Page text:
|NYSE||Adv 1605||Dec 1293||Vol 798.5 mln|
|Nasdaq||Adv 1736||Dec 1194||Vol 2.29 bln|
- Investors hit pause following big Friday rally, quiet weekend.
- Industrials show relative weakness, weigh on Dow Jones Industrial Average.
- Chipmakers outperform, help push tech-heavy Nasdaq to new record.
- Crude oil continues to pull back.
- US dollar flat.
RECAP– The market surged higher on Friday on the back of an upbeat jobs report, but found intraday resistance between 2790 and 2800 before it began to retreat. Crude oil continued to pull back as it bounced off $60.50. The US dollar had a volatile day, but ultimately closed flat.
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In-depth look at after hours movers (CLICK HERE)
- Nothing major today.
- March 13: CPI m/m
- March 13: Core CPI m/m
- March 14: Core Retail Sales m/m
- March 14: PPI m/m
- March 14: Retail Sales m/m
- March 14: Crude Oil Inventories
- March 15: Unemployment Claims
- March 16: Building Permits
FedWatch March 21 Rate Hike Probability for March 12: 86.0% (View the probability chart here)
A Look At The S&P 500 Chart – KEY Levels
- RSI is at 50 signifies neutrality.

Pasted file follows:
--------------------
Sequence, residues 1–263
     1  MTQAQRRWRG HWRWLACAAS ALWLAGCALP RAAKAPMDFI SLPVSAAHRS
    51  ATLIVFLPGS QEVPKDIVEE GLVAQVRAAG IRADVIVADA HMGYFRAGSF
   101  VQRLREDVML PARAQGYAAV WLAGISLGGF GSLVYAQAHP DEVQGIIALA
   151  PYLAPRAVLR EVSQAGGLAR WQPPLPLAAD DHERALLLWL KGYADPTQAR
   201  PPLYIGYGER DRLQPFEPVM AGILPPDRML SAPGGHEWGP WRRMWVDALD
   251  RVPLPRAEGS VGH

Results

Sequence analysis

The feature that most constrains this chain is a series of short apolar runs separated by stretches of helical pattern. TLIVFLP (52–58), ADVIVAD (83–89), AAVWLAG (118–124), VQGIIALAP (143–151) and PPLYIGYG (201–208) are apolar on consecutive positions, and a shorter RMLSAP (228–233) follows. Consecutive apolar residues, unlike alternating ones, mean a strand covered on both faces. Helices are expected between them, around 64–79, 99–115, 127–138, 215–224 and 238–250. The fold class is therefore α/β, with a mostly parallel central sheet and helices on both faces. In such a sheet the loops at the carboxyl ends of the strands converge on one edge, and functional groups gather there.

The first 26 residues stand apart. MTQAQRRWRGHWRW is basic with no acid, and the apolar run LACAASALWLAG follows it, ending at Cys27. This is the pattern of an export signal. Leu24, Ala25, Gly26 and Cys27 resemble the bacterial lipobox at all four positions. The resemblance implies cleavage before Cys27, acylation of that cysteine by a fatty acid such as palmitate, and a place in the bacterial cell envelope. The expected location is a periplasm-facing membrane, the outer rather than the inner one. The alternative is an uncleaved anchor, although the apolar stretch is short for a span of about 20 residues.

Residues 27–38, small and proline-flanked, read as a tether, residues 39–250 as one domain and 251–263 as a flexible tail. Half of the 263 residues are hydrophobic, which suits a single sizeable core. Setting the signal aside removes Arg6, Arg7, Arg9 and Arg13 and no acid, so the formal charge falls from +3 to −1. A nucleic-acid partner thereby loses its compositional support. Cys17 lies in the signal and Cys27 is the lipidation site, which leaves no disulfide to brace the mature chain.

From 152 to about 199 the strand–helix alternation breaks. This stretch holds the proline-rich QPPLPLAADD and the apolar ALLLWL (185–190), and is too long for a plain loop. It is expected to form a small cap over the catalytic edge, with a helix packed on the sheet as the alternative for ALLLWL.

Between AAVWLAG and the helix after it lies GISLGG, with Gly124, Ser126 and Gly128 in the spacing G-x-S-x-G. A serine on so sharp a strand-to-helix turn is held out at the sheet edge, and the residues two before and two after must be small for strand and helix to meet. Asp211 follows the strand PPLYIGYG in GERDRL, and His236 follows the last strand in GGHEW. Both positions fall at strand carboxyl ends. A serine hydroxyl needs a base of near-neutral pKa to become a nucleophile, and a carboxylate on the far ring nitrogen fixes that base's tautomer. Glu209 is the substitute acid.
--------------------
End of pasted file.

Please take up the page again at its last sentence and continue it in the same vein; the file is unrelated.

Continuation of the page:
- On Balance Volume is at its moving average.
- The market has been experiencing major volatility over the past month for the first time in a while.
- In the medium term, the market is consolidating following a sharp correction in early February.
- Last Friday saw the market surge higher, past its moving averages.
- The market came into a resistance level around the 2790 zone which it found difficult to break if it would be considered bullish again.
A Look Into the Heat Map
The market saw plenty of weakness, with Technology and Utilities outperforming other sectors.
VIX – 15.78
UUP – USD weighted ETF – Bearish
SOLON’S TRADING THOUGHTS
Last Friday’s jobs report was nothing short of spectacular so long as those figures hold steady. Adding 313K jobs for the month of February is a huge result and shows that the labor market is humming along. Despite a stellar jobs report, the unemployment rate remained the same at 4.1%, which is not necessarily a bad thing as nearly 600K people re-entered the job market. The jobs added was largely offset by an increased labor participation rate, which are both optimistic signs as it signals a healthy job market that is ready to expand. What was a little concerning is that hourly earnings growth was a little stagnant at 0.1%, but wage growth is usually a lagging indicator as it comes after the slack in the labor market tightens. All of these factors should continue to fuel the Fed as it becomes increasingly hawkish and are starting to look more likely that they will lean toward four total interest hikes for 2018 as opposed to the three that were previously forecasted. How the market responds to a hawkish Fed is a completely different situation.
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